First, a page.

1020-15 New York Times Crossword Answers 20 Oct 15, Tuesday

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CROSSWORD SETTER: Sam Buchbinder
THEME: Roulette … the circled letters in the center of the grid give us a ROULETTE wheel. Surrounding the ROULETTE wheel we have the bets BLACK and RED, EVEN and ODD:

17A. *Oil, informally : BLACK GOLD
61A. *”Weird, huh?” : ODD, ISN’T IT?
10D. *Fair : EVENHANDED
28D. *Colorful Gulf Coast fish : RED SNAPPER

BILL BUTLER’S COMPLETION TIME: 6m 10s
ANSWERS I MISSED: 0

Today’s Wiki-est, Amazonian Googlies
Across

1. Genesis brother : ABEL
In the story of Cain and Abel in the Book of Genesis, Cain murders his brother Abel. Subsequently, God asks Cain, “Where is Abel thy brother?” Cain replies, “I do not know. Am I my brother’s keeper?”

5. An “art” for Donald Trump : DEAL
“Trump: The Art of the Deal” is a bestselling 1987 book by businessman and presidential candidate Donald Trump. The book was co-written by journalist Tony Schwartz.

14. Japanese electronics giant : PANASONIC
Not so long ago, Panasonic was called Matsushita Electronics, the name it took from its founder when the company started in 1918. The products manufactured back then were lamp sockets, and in 1927 the company introduced a bicycle lamp. Even after the company became famous for producing electrical and electronic goods, Matsushita had a very successful line of Panasonic bicycles, as the founder was raised in a family with a bicycle shop and he was passionate about cycling.

16. Like lambs and rams : OVINE
The Latin word for “sheep” is “ovis”, giving us the adjective “ovine”, meaning “like a sheep”.

18. Some titillating messages : SEXTS
“Sexting” (a portmanteau of “sex” and “texting”) is the sending of explicit dialog and images between cell phones. The term “sexting” was first coined by the UK’s “Sunday Telegraph Magazine” in a 2005 article. Apparently the practice is “rampant” among teens and young adults. Whatever happened to dinner and a movie …?

19. Perpendicular to a ship’s midline : ABEAM
The beam is the widest part of a nautical vessel. Something pointed out as lying “abeam” is something that it is 90 degrees from a line through the bow and the stern, in other words directly off to the right or the left.

21. Longtime Lorne Michaels-produced show, for short : SNL
NBC first aired a form of “Saturday Night Live” (SNL) in 1975 under the title “NBC’s Saturday Night”. The show was actually created to give Johnny Carson some time off from “The Tonight Show”. Back then “The Tonight Show” had a weekend episode, and Carson convinced NBC to pull the Saturday or Sunday recordings off the air and hold them for subsequent weeknights in which Carson needed a break. NBC turned to Lorne Michaels and asked him to put together a variety show to fill the vacant slot, and he came up with what we now call “Saturday Night Live”.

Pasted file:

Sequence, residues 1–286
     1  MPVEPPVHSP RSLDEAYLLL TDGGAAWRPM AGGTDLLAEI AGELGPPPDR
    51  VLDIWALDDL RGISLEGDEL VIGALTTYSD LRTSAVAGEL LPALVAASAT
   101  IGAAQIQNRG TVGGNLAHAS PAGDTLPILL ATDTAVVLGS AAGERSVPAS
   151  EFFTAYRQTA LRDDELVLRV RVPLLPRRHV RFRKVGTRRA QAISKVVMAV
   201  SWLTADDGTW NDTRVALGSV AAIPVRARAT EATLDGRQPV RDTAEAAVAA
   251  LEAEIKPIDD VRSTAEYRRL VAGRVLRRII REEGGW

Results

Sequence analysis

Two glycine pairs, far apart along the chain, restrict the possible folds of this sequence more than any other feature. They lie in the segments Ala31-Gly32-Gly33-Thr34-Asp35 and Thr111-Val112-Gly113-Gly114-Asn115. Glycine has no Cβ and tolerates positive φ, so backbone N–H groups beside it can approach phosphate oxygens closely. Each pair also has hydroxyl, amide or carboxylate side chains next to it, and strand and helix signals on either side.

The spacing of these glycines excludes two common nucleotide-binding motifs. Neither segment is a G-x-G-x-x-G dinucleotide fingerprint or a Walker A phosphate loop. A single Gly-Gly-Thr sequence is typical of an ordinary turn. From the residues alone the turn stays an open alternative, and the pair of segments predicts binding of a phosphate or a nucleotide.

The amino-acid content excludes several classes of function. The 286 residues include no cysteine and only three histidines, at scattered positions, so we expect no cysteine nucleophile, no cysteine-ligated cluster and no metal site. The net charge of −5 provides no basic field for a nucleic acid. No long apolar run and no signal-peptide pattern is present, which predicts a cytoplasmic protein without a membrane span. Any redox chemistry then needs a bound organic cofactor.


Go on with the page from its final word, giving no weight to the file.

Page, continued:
Lorne Michaels is a television producer, best known as the creator of “Saturday Night Live” (SNL). We can get some insight into Michaels’ character and demeanor by watching the show “30 Rock”. The character played by Alec Baldwin is inspired by Michaels.

22. Lady ___, first female member of Parliament : ASTOR
Nancy Astor (nee Langhorne) was born in the US, in Virginia. When Nancy was 26 years old she moved to England with her younger sister. In England she married an American living there, Waldorf Astor, and the couple lived a very comfortable life. Nancy Astor became very active in English politics, and eventually became the first woman elected to the British Parliament.

26. Long-eared hopper : HARE
Hares belong to the genus Lepus, and young hares, that are under one-year-old, are called leverets.

27. Bitter : ACERB
“Acerb” is a variant of “acerbic”, meaning sour or bitter-tasting, acidic.

30. Home on the range: Var. : TIPI
A tepee (also written as “tipi” and “teepee”) is a cone-shaped tent traditionally made from animal hides that is used by the Great Plains Native Americans. A wigwam is a completely different structure and is often a misnomer for a tepee. A wigwam is a domed structure built by Native Americans in the West and Southwest, intended to be a more permanent dwelling. The wigwam can also be covered with hides but more often was covered with grass, reeds, brush or cloth.

32. Passover meal : SEDER
The Passover Seder is a ritual feast that marks the beginning of the Jewish Passover holiday, celebrating the liberation of the Israelites from slavery in Egypt.

34. Call from behind the deli counter : NEXT!
The word “delicatessen” (or “deli” for short) came into English from the German “Delikatessen”. The Germans borrowed the word from French, in which language “délicatesse” means “delicious things (to eat)”. The term’s ultimate root is “delicatus”, the Latin for “giving pleasure, delightful”.

35. Feature of Rome’s Pantheon : DOME
The Pantheon was built as a temple to all the gods of Ancient Rome. Even though the Pantheon was built almost two thousand years ago, the dome at its center is the world’s largest unreinforced concrete dome.

39. Droids : BOTS
A “bot” is a robot.

“Droid” is short for “android” and is used to describe a robot that resembles a human. The Latin word “androides” was used in English in the 18th century to mean “like a man”. Science fiction writers introduced us to “android” in the early 1950s.

44. Monopoly card listings : RENTS